I would have to say that this is not the case in my opinion, at least not entirely, and indeed your second statement denies the first to a degree. We know that the events missing on SNZO are often probably around Mag 5 not 3 and 4. In addition I would not mind betting that the additional seismos anywhere NOT in the US are picking up additional information of mag 5s as well.

In May last year I looked at publicly available seismos at that time, the _REALTIME list. Here is the post about this. You can see how totally skewed towards the US the distribution is.

I agree that Mag 7 have been 'visible' to seismographs around the world since 1900 or earlier but even those may not be accurate and may not have properly identified teleseisms. Don't forget it was not really until the advent of the Woods-Anderson that more accurate recording was available, and even then more for local quakes.

You can only really depend on the data since around the 1960s although 1930 is the cut off date for Mag 6.5 in the Centennial.

Many earlier events are based on historical evidence that is nor verifiable in many cases and is often subjective. You have only to look at the huge range of modern day felt reports, even within the same locality sometimes to see that errors, in both directions, can occur with earlier earthquakes.

As it happens, and as I stated, 16 is my number for Mag 7 this years and 132 for Mag 6. We shall see.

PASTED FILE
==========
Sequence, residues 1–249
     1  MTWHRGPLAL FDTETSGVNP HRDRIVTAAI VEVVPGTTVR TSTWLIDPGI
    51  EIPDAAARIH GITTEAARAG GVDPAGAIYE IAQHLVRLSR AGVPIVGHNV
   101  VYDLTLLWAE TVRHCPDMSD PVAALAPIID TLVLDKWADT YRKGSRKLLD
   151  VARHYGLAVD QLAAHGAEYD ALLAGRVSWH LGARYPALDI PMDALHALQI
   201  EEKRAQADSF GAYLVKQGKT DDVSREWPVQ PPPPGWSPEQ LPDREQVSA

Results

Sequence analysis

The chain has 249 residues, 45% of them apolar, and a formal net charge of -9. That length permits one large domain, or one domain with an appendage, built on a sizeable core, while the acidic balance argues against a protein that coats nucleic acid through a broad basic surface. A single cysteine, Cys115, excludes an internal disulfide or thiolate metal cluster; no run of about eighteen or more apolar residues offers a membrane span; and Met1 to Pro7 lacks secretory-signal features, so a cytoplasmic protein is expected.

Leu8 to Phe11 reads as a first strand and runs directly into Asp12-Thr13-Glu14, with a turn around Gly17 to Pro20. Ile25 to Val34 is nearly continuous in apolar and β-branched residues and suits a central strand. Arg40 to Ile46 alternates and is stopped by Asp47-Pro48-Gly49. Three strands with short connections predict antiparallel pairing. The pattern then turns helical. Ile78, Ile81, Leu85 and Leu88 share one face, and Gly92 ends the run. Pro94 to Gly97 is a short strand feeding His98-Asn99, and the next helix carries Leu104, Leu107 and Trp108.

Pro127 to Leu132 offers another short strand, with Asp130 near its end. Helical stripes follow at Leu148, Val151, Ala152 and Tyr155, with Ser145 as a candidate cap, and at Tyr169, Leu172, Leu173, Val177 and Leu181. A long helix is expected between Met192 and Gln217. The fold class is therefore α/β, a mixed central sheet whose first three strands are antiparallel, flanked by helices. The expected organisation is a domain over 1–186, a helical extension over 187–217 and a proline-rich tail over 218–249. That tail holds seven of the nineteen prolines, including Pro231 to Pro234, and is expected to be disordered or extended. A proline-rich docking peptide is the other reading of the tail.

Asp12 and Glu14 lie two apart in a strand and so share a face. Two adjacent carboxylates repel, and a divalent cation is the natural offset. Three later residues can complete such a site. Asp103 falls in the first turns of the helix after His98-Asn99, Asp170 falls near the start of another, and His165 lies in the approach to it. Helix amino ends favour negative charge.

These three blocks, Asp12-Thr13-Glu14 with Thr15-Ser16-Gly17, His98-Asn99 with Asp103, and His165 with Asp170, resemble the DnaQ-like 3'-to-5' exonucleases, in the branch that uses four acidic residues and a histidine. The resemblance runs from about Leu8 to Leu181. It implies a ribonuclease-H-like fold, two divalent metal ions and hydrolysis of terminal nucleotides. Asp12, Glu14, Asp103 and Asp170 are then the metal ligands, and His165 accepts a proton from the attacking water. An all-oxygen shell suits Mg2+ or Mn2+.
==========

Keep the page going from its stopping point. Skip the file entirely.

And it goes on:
posted on Apr, 20 2012 @ 07:04 PM
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reply to post by BobAthome
 


OK, where are you seeing this tsunami information. I can't find it anywhere and there is no alert on NOAA, nor is there any tsunami tab on the USGS pages old or new.

It is not even on the GDACS page for the quake


edit on 20/4/2012 by PuterMan because: (no reason given)



posted on Apr, 20 2012 @ 07:38 PM
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reply to post by PuterMan
 


A relevant paper is

Global seismic event detection using a matched filter on long-period seismograms
Shearer, PM
J. Geophys. Res. Solid Earth, Volume: 99 Issue: B7 Pages: 13713-13725 DOI: 10.1029/94JB00498 1994

He looked at the years 1981-1991 with an automatic method to see what events were missed. From the abstract, "32 earthquakes are detected which are not in the standard global catalogs. These events appear to be about M(s) = 5 and are mainly located in the southern oceans, where there are gaps in the coverage of the high-frequency networks."

Coverage is better now, so about M5 would be an upper limit on what global networks miss. However, it is true that in the minutes after a huge earthquake, large earthquakes might be missed. For example, 20 minutes after the Japanese M9 last year, there was a low-energy M8 that went several days before being noticed.



posted on Apr, 20 2012 @ 07:39 PM
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reply to post by PuterMan
 


That tsunami warning must have been the initial report for the M8.2 that followed the M8.6 last week, according to the time and location. Before they realized it was a strike-slip event that would not generate much of a wave.



posted on Apr, 20 2012 @ 07:55 PM
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With my eyes off the prize because I was watching Antarctica, I failed to notice there is a lull in one small region. Yellowstone has been quiet. But that's not the absence of quakes which has me wondering. It's the region to the northwest of Yellowstone. There's usually something going on. It's been real quiet. Probably nothing.


www.msnbc.msn.com...

www.businessweek.com...


www.smh.com.au...

www.washingtonpost.com...